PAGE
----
Jamie,” said Patrick in surprise and glee, “I do believe you’ve hit
upon the very thing!”


“Polly,” said a plaintive voice from somewhere above her as she
entered the girls’ dormitory. That came as a slight surprise, because
she’d been at a sixth form college at the beginning of the morning,
but this sort of thing did happen from time to time. “Polly, please
help me!”

Pushing minor existential worries about boarding schools aside, she
stared about the room, eventually finding Vicki on top of the

“What are you doing up there?”

Vicki made a face. “Trying to get down, but I seem to have caught my
dress on something. I’m well and truly hooked.”

Polly pulled a chair over and, mounting it, set about freeing her
unfortunate classmate.

“Thank you,” said Vicki brightly and slipped down nimbly. “That’s the
last time I try that game of getting around the room without touching
the floor.”

It was only after the other girl had left that Polly realised that
that was no explanation at all. No one played that game alone. Bill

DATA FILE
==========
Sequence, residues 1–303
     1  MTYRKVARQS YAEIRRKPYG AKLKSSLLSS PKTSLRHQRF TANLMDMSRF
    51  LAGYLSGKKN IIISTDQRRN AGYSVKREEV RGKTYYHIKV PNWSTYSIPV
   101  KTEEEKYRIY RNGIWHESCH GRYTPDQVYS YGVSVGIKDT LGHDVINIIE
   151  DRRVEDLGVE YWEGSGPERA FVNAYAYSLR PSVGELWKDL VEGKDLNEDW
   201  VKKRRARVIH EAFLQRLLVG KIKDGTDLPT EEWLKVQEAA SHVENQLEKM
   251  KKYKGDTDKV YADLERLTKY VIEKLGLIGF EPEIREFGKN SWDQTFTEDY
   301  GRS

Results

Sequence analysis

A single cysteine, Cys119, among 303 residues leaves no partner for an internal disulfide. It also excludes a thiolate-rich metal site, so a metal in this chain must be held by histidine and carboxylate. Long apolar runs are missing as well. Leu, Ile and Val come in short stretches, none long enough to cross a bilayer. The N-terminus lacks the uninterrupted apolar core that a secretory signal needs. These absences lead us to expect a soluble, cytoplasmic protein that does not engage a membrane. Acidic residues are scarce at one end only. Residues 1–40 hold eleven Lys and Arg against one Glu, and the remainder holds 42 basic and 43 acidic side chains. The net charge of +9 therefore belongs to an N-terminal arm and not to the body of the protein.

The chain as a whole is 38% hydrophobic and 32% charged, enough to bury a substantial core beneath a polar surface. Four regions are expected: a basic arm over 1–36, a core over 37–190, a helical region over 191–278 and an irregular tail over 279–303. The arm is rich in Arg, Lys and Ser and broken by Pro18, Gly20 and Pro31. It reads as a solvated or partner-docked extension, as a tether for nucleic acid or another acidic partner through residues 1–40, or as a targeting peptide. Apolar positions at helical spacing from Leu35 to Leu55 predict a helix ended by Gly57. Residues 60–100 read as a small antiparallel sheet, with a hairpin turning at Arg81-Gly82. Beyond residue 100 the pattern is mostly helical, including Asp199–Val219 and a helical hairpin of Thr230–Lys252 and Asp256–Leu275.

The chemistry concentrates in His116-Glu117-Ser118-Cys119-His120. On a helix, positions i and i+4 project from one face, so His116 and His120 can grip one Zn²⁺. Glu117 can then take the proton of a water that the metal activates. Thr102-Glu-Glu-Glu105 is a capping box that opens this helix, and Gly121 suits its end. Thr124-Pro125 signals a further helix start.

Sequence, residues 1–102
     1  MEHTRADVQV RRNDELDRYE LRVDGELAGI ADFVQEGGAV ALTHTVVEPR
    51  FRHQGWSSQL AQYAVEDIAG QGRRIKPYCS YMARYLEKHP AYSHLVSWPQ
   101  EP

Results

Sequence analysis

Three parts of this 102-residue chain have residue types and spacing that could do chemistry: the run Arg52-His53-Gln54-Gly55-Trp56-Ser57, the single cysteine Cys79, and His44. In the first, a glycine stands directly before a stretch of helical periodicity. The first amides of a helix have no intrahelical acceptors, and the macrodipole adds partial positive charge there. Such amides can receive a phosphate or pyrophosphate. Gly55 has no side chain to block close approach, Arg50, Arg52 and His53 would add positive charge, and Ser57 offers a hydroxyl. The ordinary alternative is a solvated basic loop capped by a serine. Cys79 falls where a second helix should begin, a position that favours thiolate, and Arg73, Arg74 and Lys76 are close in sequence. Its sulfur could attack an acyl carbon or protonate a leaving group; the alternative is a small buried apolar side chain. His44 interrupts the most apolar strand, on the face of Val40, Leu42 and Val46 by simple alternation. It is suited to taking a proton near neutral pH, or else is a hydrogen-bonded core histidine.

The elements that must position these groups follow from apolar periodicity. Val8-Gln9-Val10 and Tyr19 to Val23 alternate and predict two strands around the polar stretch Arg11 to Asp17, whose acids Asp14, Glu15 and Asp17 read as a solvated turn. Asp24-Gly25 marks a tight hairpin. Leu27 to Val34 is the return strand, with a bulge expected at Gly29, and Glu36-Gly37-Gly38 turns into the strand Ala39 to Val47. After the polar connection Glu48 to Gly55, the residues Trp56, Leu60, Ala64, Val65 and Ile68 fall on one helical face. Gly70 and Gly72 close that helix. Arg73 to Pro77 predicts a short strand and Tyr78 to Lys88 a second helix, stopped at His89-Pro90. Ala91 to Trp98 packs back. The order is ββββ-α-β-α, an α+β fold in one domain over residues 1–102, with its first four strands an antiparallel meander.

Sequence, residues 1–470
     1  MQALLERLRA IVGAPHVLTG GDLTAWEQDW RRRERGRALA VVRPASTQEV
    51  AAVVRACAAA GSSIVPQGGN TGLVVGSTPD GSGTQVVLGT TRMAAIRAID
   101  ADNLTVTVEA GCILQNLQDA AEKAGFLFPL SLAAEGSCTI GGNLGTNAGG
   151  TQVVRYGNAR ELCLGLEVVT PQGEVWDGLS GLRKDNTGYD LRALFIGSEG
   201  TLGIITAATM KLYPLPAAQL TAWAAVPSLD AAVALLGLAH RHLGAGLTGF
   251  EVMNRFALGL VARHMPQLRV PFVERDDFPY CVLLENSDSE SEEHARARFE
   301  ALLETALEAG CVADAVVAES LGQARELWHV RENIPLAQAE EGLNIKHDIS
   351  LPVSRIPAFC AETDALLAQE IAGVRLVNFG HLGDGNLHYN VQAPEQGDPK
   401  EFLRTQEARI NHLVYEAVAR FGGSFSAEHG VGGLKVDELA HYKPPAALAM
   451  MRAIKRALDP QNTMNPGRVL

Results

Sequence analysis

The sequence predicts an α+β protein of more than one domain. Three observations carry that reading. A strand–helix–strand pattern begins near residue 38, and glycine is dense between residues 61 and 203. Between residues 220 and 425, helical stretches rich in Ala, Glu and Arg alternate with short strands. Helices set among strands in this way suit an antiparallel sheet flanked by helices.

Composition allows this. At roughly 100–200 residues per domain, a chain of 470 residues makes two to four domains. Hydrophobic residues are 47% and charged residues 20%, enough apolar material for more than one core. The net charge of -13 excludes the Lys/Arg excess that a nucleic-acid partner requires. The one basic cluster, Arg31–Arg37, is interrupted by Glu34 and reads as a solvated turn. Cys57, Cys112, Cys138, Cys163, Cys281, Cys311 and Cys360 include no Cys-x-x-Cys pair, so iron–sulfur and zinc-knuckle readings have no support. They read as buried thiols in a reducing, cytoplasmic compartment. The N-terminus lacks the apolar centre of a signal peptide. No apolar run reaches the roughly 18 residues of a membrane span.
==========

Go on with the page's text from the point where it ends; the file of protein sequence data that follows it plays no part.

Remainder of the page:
was right – Vicki and Susan were up to something.


Jamie explained everything to Zoe, who was frowning.

“Why are you telling me this?”

He said innocently, “Pat said that you should know, but o’course,
you’re not to do *anything at all* to interfere. We wouldn’t want
that, would we?”

“He said that?” she asked, her eyes darkening. “Why does he think I
would interfere?”

“No, no, he said you’re *not* to…”

She had gone. Jamie grinned widely to himself and strode off in the
opposite direction. Sometimes he could be subtle. If the school
offered courses in How to Annoy Girls, he’d be the best student in the

Part Two